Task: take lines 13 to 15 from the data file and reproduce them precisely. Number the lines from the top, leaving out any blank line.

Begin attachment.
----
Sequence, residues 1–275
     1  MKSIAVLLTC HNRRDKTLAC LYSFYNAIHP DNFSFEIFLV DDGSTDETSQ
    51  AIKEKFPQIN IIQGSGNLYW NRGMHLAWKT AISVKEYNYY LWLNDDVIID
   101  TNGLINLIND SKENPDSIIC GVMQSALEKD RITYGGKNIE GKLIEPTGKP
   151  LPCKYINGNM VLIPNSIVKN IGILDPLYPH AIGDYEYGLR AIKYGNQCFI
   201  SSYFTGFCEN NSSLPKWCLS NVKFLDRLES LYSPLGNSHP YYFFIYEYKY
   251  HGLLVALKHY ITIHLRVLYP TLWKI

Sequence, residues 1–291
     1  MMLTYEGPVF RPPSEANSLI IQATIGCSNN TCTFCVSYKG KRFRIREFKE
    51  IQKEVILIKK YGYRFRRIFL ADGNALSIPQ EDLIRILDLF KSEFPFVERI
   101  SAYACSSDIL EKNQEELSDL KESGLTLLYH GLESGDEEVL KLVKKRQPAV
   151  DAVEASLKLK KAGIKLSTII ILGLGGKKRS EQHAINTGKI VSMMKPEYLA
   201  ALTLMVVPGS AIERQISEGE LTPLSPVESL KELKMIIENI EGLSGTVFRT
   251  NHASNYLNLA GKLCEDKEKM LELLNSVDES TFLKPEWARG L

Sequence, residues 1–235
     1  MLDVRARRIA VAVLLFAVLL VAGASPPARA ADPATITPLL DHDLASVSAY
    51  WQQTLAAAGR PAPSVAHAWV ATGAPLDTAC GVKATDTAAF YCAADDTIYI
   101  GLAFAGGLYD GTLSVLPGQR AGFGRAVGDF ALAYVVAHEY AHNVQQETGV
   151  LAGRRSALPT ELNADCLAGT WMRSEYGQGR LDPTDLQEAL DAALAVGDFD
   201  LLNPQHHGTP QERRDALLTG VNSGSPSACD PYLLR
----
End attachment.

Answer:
   201  ALTLMVVPGS AIERQISEGE LTPLSPVESL KELKMIIENI EGLSGTVFRT
   251  NHASNYLNLA GKLCEDKEKM LELLNSVDES TFLKPEWARG L

Sequence, residues 1–235